My editor came to me asking if I would write a column. I told him sorry, but I’m busy. He said he was hurting for writers and that my help would be greatly appreciated. I can’t, I said. He begged, looking at me with big puppy dog eyes. I said no. He offered me beer.

So here we are.

At first I thought it was a little strange that I’d turn down someone’s offer to print whatever I write and pay me for it. I love writing; it’s my “thang,” my life’s blood. I usually jump on the chance to see my name in print and for a good round of ego-stroking. Above all else my writing is my voice, and I try to use it every chance I get.

Let me explain a little something about voice and how important it is. Here at UCSB, there are some 17,000 undergraduates. That’s enough warm bodies to fill a moderately sized city. Throw in graduate students, faculty and staff, and we have our own little nation. You’re one out of that huge number of overly tanned faces drifting around in-between Engineering and Snidecor Hall chatting on a cell phone, drinking your smoothie or staring at your shoes with something between confusion and awe. You’re just another face in the crowd, and I hope that scares you.

What transforms you from being just another sack of organs into a human being with a soul is finding your voice and using it. If you’re not shouting out at the top of your lungs about what pisses you off or what makes you happy, then you’re letting some anonymous coward speak for you by scribbling “profound” half-truths on the sidewalk in chalk. If you let this happen, then what use do you serve?

Things don’t happen unless someone speaks up. However, just as important as the act itself is finding the right way to do it. Maybe you’re not a writer, but you might start a club or an organization. You can volunteer, make movies, write music, send in a letter to the Nexus, whatever. Find some way to express yourself and do it well.

With your voice there comes great responsibility. First: know what you’re talking about; be informed. An ignorant voice is as dangerous as a loaded weapon in the hands of a two-year-old. Second: don’t be afraid to spread the word on the good things in life. People all to often get focused on just causing wounds in the existing social structure. No one wants to talk about fluffy bunnies or pretty flowers, but these things are important too. By knowing what’s good, we can make more of it. Plus, who can resist a cute little puppy? Third: never silence someone else. The people I worked with over the summer taught me that being silenced is on a level alongside rape and murder. It’s your choice to listen and respond, and that’s it.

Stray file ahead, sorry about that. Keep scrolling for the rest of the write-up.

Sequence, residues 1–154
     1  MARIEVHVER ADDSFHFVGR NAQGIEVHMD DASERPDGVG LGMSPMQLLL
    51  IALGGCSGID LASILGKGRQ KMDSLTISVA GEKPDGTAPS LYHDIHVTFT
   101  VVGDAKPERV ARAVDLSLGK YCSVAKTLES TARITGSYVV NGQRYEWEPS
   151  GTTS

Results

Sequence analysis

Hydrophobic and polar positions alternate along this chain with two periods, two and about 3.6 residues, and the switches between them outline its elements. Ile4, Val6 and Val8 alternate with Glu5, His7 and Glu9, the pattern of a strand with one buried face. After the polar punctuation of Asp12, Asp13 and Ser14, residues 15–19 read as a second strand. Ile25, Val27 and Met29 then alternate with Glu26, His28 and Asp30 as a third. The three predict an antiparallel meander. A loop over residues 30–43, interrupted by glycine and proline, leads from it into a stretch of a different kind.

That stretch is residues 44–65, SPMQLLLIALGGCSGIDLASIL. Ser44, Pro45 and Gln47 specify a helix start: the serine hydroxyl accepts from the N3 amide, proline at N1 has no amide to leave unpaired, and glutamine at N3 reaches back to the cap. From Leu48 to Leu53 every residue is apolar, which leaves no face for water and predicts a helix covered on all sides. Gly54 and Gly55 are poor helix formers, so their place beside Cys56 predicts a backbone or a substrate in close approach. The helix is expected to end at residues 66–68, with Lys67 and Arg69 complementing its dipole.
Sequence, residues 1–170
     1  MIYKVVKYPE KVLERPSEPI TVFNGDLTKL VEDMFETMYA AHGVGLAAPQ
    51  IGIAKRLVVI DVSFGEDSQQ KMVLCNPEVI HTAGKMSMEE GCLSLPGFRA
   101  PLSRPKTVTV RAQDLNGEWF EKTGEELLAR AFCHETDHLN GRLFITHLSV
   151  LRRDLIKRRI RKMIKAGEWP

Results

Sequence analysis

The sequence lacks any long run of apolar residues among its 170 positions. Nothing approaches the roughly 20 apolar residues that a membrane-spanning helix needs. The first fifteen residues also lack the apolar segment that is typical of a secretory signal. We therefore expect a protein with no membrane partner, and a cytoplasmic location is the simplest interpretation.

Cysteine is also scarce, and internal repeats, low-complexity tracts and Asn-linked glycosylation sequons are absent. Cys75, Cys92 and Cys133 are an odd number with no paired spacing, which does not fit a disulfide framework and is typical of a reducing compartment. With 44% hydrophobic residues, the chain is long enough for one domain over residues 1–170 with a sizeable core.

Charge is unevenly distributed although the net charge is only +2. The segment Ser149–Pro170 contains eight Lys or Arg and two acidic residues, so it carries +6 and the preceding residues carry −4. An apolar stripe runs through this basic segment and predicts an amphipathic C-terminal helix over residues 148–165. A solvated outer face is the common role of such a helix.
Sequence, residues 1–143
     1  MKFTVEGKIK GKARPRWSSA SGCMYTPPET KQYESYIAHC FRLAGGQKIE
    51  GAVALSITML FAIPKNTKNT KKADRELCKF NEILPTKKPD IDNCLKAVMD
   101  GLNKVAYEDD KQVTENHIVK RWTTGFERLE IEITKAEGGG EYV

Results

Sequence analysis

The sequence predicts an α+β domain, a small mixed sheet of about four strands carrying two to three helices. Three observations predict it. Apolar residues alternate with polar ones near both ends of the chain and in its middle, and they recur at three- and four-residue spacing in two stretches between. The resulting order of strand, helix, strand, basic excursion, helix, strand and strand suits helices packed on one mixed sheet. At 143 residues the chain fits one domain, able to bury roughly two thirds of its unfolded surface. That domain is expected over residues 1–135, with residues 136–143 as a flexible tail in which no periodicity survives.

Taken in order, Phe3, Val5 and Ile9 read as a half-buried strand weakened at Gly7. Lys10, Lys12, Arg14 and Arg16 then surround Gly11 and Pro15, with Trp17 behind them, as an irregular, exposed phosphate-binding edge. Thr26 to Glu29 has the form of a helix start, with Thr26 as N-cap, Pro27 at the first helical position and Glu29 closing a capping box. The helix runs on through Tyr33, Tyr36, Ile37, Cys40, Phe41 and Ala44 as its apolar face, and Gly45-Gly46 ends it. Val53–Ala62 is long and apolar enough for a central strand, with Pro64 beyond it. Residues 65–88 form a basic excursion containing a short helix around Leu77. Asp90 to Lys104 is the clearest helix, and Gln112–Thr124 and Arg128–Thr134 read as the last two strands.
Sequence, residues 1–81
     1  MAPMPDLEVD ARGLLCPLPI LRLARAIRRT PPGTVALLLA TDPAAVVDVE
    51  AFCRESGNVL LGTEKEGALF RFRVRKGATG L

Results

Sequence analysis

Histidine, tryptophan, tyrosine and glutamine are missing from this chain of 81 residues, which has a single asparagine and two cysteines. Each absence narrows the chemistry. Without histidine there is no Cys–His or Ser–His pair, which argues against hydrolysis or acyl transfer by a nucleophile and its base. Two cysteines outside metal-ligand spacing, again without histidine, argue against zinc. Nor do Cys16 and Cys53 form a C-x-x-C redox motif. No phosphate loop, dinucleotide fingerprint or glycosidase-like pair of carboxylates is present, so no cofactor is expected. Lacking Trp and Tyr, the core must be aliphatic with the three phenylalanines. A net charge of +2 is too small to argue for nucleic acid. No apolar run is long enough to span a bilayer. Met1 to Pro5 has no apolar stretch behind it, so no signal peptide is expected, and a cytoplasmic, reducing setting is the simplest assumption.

Only one group on campus has any right to be voiceless at this time: the freshmen. You’ve been transplanted from a world of shut-up-and-listen to one where people want to know what you think. But even this excuse is wearing thin, and it’s only a matter of weeks before you’re just a statistic in someone else’s slide show. UCSB has over 300 clubs and organizations, and you can find lots of information about them in the Office of Student Life. There will also be an activities faire in October. So get out there, find your voice and use it wisely.

I’m done using mine for now, but I want to leave a happy image. Over the summer I had the pleasure of sitting in on a lecture by Professor Armbruster-Sandoval, and he showed two student films on activism. One was made by a friend of mine. After watching the movie, I was in tears. Seeing people who care so much is a beautiful thing, and once you’ve experienced it, you’ll know. So Brendan, you can keep your beer after all; I hope more people decide to start speaking up.

Junior Steven Ruszczycky is a columnist for the Daily Nexus. Lucky for his editors, he’s a cheap drunk. He dedicates this column to Tosha, Marie, Gary and Jenn.